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Midnight Rave Up

November 7, 2014

Nice Twitter conversation this morning about pasting song lyrics from Smash Hits into a notebook. I used to do that and it’s sent me off down memory lane.

Woolworths used to sell a pack of 4 rough exercise books for half a crown. The one with a red cover, I used to use for my own song lyrics. When we clearing my Dad’s stuff out after he died, I found one of the red lyric rough books in his bedside drawer. He never showed much interest in my musical interests when I was growing up, so it was a shock and very moving to find he’d held on to this. The book was from around 1973, when I was convinced me and Marc Bolan were seperated at birth. For about a year, I dropped the “k” from my name and inserted a “c”. Some of the song titles are heavily influenced – ” I’m A Groovy Cat”, “The Brazen Serpent”. One title, has the rather hopeful title, coming from my 13 year old perspective, ” The Girl In My Bed Is Magnificent”. Trouble with that one was I struggled to find words to rhyme with magnificient and in one verse, twinned it with “pants”.

My favourite, and the only one I can still remember the tune to is, ” Midnight Rave Up At The Ritz”. The chorus, with blinding bewilderment goes:

“Princess Anne sure did get her kicks
” At the midnight rave up at the Ritz”.

Goodness knows where that one came from! Even in 1973, Princess Anne could never have been classified as a groovy chick.

The green rough book was the one I used to paste in song lyrics, cut lovingly from Disco 45. I found one of them when Julie died this year and we were clearing out the loft of our old family home. This one was from 1974 and by now, not only was I pasting in the lyrics but also a review of the song from Record Mirror. I also wrote my own notes, including rather obssessively, where I’d brought the record. The marvellous, long gone, Memory Discs in Hounslow showed up most regularly. I used to think it was the hippest hanging out place on earth. I was a bit thrown to find I had brought Amateur Hour by Sparks from Mr Singh’s Electrical Bazaar”. I have no recall of that place at all.

Next to Teenage Rampage by The Sweet, I’ve written in purple felt pen – “Going to ask Mum on Friday if I can have a haircut like Brian”. I like the ” on Friday” bit. This must have involved a lot of tactical planning and building up of courage. I never got a Brian Connolly haircut, so either I chickened out or Mum put her foot down.

Steven’s memories, his past, isn’t in the loft. They are all still very much part of his present. He likes his stuff around him. In the living room, we have 3 stacking boxes of his old model figures – everything from Gladiators, Toy Story, My old Camberwick Green figures, Star Wars. Everyday, when I get home from work, he has taken one figure from the box and placed it on the dining table. It’s my return home question each day. Yesterday, was one of the Star Wars figures – “Dad – who does Obi Wan Knobi look like at Mencap Pool?” I answer, (Chris) and the figure is returned to the box.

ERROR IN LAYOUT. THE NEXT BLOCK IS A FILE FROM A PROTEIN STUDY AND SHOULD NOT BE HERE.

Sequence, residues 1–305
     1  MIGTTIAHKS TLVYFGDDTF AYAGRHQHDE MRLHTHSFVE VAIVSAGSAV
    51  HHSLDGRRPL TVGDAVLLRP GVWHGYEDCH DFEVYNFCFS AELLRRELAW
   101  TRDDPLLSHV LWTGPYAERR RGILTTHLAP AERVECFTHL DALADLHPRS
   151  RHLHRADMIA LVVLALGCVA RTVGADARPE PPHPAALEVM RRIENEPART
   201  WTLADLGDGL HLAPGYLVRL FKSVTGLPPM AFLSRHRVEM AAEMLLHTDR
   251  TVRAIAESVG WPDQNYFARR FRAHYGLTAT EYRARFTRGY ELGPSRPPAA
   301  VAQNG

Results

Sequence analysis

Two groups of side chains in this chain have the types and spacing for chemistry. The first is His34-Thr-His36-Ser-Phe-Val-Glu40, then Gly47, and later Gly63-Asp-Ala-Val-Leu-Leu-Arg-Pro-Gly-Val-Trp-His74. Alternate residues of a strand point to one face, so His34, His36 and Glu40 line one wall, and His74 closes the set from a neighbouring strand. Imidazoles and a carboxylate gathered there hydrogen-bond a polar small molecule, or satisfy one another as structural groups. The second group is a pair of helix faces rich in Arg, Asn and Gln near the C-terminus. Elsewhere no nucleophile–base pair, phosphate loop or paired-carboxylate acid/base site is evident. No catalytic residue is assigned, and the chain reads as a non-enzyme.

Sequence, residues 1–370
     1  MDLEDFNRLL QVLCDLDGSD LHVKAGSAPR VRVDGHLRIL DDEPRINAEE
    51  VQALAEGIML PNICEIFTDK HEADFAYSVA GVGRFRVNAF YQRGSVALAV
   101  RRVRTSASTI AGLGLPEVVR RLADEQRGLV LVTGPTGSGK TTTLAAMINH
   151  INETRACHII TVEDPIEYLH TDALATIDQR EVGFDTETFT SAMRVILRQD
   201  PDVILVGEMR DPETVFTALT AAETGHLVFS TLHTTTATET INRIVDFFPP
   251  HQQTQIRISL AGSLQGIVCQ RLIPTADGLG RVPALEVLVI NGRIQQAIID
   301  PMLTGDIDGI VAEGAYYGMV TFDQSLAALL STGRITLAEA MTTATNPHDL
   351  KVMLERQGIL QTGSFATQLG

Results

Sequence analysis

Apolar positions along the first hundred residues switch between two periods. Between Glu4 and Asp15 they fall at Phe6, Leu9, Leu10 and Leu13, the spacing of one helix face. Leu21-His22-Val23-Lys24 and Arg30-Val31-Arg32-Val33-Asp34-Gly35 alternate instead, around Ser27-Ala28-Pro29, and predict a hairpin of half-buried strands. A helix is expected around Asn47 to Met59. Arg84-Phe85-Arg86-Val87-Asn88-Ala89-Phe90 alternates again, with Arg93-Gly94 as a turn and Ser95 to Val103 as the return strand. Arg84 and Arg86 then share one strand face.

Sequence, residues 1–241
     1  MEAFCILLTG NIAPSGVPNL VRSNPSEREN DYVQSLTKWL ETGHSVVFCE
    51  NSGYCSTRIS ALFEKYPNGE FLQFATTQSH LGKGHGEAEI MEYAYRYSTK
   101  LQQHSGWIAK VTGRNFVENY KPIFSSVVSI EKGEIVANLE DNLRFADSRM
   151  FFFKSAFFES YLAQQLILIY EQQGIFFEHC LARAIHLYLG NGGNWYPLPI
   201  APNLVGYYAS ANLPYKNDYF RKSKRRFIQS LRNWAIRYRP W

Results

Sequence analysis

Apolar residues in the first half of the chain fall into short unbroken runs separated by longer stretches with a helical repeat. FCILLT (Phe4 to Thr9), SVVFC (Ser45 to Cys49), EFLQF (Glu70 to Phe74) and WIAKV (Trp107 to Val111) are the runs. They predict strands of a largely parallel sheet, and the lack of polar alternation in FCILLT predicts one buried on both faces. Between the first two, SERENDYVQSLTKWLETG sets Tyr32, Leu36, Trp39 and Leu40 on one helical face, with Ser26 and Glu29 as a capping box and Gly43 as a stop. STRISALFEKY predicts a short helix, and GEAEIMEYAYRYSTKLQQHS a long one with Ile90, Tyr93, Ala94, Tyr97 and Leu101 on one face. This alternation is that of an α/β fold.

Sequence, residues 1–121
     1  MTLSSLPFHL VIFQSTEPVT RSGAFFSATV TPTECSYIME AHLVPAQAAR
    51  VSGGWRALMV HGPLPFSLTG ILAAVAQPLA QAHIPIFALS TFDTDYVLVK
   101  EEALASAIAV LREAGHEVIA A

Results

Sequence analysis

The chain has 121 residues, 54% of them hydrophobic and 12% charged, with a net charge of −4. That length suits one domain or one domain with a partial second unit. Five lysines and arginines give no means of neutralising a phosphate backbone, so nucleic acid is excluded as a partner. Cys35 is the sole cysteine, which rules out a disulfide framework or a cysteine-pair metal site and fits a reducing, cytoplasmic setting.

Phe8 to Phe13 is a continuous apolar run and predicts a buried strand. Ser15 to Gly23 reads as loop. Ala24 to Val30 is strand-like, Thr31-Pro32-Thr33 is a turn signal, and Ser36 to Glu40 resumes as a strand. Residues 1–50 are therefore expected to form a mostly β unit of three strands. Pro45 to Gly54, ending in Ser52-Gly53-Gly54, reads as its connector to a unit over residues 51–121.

I worry for the future about the importance of Steven’s belongings to him. I can’t see anyone respecting that importance. When he was in the Unit, Steven quickly wised up to the fact that his things of value were in danger. CDs went missing from their cases. We never ever found the brown Fawlty Towers video. By his birthday, in the March, Steven opened his presents in the Unit and then made me bring them all home with me.

One final entry from the green rough book. Next to “Rock Your Baby” by George McCrae, I wrote – “This song is so flavoursome, I want to jump into Southall swimming pool with no trunks on”.

  1. Yes, our son also has a lot of figures, crocodiles by the sink and shower, they are an important part of the morning/evening routine. Eddie Stobbart lorries lined up on the dining room table and Batman figures staring at you from a vantage point in every room and he notices if one has been moved and is looking a different way! The autistic mind is amazing isn’t it!!

    • Pauline Thomas permalink

      Mark as you are the same age as my eldest son, I can vividly remember all the music that meant so much to him in his teens. The punk era was what I remember the most, and my constant nagging to turn the music down. Not so much Johny Rotten, more the Clash and Suzie and the Banshees. University was the Leonard Cohen days.

      My disabled son loved Top of the Pops and still does. He is in a time warp with Kylie, Jason and Alison Moyet. I can recall that when he was once in respite, the staff taped the film Tootsie over his Top of the Pops video. Purely accidently I’m sure, but he never took any videos there again Me? My youth was Elvis, The Beatles and The Stones

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